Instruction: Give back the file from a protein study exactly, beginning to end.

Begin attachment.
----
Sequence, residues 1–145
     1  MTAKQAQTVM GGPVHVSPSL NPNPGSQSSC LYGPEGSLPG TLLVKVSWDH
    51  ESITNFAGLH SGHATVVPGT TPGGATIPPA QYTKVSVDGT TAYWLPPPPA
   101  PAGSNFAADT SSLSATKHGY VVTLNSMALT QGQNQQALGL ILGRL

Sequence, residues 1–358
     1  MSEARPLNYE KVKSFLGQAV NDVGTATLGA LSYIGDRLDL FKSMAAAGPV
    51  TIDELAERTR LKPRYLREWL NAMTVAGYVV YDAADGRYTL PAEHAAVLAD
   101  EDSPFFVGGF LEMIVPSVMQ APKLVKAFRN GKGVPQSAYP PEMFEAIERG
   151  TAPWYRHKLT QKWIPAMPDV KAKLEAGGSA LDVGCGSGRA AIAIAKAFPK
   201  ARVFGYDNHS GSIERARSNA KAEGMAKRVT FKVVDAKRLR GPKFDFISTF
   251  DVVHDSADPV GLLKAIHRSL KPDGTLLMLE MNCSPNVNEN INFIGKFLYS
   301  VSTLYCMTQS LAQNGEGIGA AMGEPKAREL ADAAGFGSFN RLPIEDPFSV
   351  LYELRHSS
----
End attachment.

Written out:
Sequence, residues 1–145
     1  MTAKQAQTVM GGPVHVSPSL NPNPGSQSSC LYGPEGSLPG TLLVKVSWDH
    51  ESITNFAGLH SGHATVVPGT TPGGATIPPA QYTKVSVDGT TAYWLPPPPA
   101  PAGSNFAADT SSLSATKHGY VVTLNSMALT QGQNQQALGL ILGRL

Sequence, residues 1–358
     1  MSEARPLNYE KVKSFLGQAV NDVGTATLGA LSYIGDRLDL FKSMAAAGPV
    51  TIDELAERTR LKPRYLREWL NAMTVAGYVV YDAADGRYTL PAEHAAVLAD
   101  EDSPFFVGGF LEMIVPSVMQ APKLVKAFRN GKGVPQSAYP PEMFEAIERG
   151  TAPWYRHKLT QKWIPAMPDV KAKLEAGGSA LDVGCGSGRA AIAIAKAFPK
   201  ARVFGYDNHS GSIERARSNA KAEGMAKRVT FKVVDAKRLR GPKFDFISTF
   251  DVVHDSADPV GLLKAIHRSL KPDGTLLMLE MNCSPNVNEN INFIGKFLYS
   301  VSTLYCMTQS LAQNGEGIGA AMGEPKAREL ADAAGFGSFN RLPIEDPFSV
   351  LYELRHSS